venerdì 6 giugno 2014

Frame language in Clojure (part 2)

Prof. Patrick Winston 

As we saw in the previous post  on Frame Language (FL), frames are not only nested associative data structures. but extend the power of a property list adding more sophisticated mechanisms as:
  • default values;
  • demons;
  • inheritance.

Default values

Default value are very useful when you don't have an information (i.e. a slot in FL) about a certain object, but it is somehow known a default value that can be used. 
It is 8:00 a.m and Bob, a freshly recruited emplyee, have to start his first day of work at our organisation. We need to create a new frame for Bob while we don't know yet what will be is role in the organization (that is the :is-a slot). In this case we could leverage the default mechanism and describe Bob as follows:

(def Bob {:is-a {:default 'employee}
          :working-at {:value 'unit-iii} 
          :recruitment-date {:value "20140307"}})

In this way, Bob can get his badge and pass through the security check to start his first day of work.
Since the :value facet is not present in Bob's frame, all the queries on Bob's role, like fget(Bob :is-a :value), would fail. The following function fget-v-d exploit the :default facet to give an answer even in the case the only information we have is the default information:

(defn fget-v-d [frame slot]
  (let [v (fget frame slot :value)]; check if there is a :value facet
    (if v v (fget frame slot :default)))); if not, get :default facet

Now, we can ask our KB about Bob role with (fget-v-d Bob :is-a) and we'll discover that Bob is an employee :).

At 9:00 a.m. when the competent department has established that Bob will work as accountant in the unit-iii, the :default facet into the :is-a slot can be removed and a new :value facet will be added to the :is-a slot. Then, the frame for Bob will be:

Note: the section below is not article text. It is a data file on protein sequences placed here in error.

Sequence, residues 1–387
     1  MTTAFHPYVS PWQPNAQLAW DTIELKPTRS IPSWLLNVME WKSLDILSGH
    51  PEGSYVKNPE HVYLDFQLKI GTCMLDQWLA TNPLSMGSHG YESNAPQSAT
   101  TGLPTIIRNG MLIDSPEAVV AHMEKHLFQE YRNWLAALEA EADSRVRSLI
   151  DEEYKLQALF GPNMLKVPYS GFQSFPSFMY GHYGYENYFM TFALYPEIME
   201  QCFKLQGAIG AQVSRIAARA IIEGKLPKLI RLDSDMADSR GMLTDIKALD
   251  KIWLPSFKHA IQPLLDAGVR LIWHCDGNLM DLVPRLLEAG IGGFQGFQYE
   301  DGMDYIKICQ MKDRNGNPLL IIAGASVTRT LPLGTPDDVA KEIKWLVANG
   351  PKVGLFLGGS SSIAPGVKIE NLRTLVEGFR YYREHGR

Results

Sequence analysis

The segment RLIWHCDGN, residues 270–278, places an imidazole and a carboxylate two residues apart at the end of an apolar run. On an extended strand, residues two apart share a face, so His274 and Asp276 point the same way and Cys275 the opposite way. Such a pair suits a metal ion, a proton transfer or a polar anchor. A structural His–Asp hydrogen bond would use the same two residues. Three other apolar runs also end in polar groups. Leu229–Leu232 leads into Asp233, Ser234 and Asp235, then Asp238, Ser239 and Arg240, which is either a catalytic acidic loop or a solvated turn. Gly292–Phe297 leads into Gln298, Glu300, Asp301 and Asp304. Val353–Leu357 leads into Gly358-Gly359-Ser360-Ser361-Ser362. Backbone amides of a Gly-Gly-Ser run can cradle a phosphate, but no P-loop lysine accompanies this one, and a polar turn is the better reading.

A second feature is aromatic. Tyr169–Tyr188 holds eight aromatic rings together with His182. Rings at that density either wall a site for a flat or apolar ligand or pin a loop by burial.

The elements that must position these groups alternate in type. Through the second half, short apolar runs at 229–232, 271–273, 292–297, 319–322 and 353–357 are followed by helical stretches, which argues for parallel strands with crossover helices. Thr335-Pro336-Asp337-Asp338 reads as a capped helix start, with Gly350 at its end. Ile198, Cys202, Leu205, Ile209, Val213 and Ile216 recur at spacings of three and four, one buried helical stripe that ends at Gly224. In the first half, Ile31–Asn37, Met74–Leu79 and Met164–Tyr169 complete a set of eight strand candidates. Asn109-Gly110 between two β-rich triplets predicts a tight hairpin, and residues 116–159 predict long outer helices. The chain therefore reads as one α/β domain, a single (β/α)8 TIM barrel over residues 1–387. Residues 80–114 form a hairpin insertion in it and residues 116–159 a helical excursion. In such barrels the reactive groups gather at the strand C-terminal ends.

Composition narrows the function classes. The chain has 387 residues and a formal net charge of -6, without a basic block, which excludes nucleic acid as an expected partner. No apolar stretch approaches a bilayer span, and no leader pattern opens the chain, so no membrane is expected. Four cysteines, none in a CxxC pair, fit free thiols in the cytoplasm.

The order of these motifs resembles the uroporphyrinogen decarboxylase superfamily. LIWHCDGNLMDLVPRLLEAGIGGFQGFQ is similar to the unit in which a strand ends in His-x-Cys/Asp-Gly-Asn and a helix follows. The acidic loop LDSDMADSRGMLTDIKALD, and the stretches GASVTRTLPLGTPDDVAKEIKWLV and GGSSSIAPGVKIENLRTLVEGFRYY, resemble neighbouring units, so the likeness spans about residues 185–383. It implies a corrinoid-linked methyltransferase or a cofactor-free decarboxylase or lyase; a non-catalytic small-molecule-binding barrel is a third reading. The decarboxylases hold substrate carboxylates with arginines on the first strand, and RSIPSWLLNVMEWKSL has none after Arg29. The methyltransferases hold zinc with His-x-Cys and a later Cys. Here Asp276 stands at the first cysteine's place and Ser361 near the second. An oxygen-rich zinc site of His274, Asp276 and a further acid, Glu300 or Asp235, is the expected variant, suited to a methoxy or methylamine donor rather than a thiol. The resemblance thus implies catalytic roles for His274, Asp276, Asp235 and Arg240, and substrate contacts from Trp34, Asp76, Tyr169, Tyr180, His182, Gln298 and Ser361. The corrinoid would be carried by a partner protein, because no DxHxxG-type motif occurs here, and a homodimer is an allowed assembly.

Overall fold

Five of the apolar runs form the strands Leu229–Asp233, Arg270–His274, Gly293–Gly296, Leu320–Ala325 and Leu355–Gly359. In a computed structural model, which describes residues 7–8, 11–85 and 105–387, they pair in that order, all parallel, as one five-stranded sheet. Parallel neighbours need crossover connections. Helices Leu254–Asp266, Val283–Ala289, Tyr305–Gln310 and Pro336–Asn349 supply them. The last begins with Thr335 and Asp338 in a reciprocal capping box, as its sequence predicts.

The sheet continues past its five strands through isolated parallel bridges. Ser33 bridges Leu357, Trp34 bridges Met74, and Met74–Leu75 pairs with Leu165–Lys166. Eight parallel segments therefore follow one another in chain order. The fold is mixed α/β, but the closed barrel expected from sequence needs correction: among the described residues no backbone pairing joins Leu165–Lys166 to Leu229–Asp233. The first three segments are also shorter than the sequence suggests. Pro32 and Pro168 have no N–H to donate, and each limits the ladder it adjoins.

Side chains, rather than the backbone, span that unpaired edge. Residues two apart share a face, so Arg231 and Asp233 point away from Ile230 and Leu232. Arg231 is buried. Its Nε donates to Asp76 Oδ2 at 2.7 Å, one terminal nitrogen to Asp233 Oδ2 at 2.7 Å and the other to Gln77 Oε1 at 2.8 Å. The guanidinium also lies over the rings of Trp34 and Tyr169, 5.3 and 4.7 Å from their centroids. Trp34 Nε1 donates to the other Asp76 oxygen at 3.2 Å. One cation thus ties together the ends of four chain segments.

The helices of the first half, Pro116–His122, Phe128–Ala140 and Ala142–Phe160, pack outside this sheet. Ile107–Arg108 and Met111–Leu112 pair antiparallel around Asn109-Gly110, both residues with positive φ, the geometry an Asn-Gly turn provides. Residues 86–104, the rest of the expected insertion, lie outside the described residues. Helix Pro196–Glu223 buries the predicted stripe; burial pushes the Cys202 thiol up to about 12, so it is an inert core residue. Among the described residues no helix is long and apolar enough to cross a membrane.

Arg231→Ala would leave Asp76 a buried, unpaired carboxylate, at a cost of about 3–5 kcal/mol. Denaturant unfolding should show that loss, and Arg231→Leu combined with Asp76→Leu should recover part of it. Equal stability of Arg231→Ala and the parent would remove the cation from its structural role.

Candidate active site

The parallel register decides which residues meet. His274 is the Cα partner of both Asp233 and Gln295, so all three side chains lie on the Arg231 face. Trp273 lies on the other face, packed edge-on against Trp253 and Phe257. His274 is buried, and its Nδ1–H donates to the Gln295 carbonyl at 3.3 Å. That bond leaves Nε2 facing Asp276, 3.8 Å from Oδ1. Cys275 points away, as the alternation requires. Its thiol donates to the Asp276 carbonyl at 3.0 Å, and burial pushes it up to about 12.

{:is-a             {:value 'accountant}
 :working-at       {:value 'unit-iii} 
 :recruitment-date {:value "20140307"}}

After 9:00 a.m. all the queries on Bob's role made with the same function  fget-v-d will give the updated answer (i.e. accountant).


Demons are functions stored in special facets attached to slots to cause side effects when the slot is accessed. For example, we can have:
  • :range : demons are triggered if a new value is added to the slot, to check that the value added is permissible for this particular slot;
  • :if-new : demons are triggered when a new frame is created;
  • :if-added : demons are triggered when a new value is put into a slot;
  • :if-removed : demons are triggered when a value is removed from a slot;
  • :if-replaced : is triggered when a slot value is replaced.
  • :if-needed : demons are triggered when there is no value present in an instance frame and a value must be computed from a generic frame.
Each demon must follow a certain set of rule to guarantee the robustness and coherence of the Knowledge Base (KB).
A possible general rule is that every demon must accept only two parameters: the frame end the slot that caused its activation. Another rule , this time specific, may be that  :if-needed demons must compute the missing value and, before  return the results of its computation, store it in the facet :value of the frame and slot where it was missing.